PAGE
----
Last year, Andy and I engaged in a war of words when discussing 49ers LB Manny Lawson. I called him one of the top-five 3-4 LBs in the league, and Andy tried to lambast me (though I parried most of his attempts and struck back effectively).

Anyway, with the 49ers drafting Aldon Smith in the first round of last week’s draft, you have to wonder what happens with Lawson (pictured at right) in 20Lawson 11. Especially since he’s not under contract at this point (though, if the 2010 rules are put into place for 2011, Lawson would, once again, be a restricted free agent).

According to Comcast Sports Net, Lawson still could play a big role with San Francisco if he returns to the club.

But it seems like, eventually, Smith will take over the starting role (which is a perfectly appropriate goal for a man taken with the No. 7 pick overall), because he’s about 25 pounds heavier than Lawson and stronger (though I doubt his pass coverage skills are as good as Lawson’s).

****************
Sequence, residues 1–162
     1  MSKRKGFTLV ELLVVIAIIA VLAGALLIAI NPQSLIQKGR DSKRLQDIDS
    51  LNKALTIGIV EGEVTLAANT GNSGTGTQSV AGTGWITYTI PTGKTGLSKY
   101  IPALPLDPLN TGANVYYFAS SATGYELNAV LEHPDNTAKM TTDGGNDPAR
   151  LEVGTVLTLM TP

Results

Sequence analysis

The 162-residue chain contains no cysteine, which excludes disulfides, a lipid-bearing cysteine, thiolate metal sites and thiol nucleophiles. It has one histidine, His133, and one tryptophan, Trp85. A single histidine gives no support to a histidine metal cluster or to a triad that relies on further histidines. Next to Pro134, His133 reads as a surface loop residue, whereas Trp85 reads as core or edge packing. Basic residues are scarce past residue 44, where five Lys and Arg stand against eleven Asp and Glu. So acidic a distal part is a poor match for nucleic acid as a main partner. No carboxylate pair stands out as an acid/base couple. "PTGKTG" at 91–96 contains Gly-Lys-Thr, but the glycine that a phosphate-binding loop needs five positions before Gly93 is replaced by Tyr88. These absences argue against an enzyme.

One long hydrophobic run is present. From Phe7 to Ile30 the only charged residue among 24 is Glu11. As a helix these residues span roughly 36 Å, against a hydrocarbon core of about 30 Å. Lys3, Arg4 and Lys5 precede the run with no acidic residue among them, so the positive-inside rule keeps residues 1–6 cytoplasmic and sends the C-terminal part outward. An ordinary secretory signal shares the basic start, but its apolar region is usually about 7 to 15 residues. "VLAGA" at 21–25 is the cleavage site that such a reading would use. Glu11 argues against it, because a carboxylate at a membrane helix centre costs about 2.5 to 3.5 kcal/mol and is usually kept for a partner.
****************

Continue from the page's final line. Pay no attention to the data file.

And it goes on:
But as Will pointed out in his 49ers Offseason Checkup, San Francisco’s LB corps, with Patrick Willis and Takeo Spikes is still pretty darn impressive. Even if Lawson isn’t retained.

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Posted on: April 15, 2011 12:33 pm
 

Offseason Checkup: San Francisco 49ers

Posted by Will Brinson



Eye on Football's playing doctor for every NFL team with our Offseason Check-ups



The 49ers were doomed almost from the very start of last season. After all, check out their schedule for the first five games – the Seahawks, the Saints, the Chiefs, the Falcons and the Eagles (all made the playoffs and combined for a 51-29 record while knocking off the 49ers) – but two weeks after running through that gauntlet, San Francisco fell to the Panthers also. So, that’s not too good.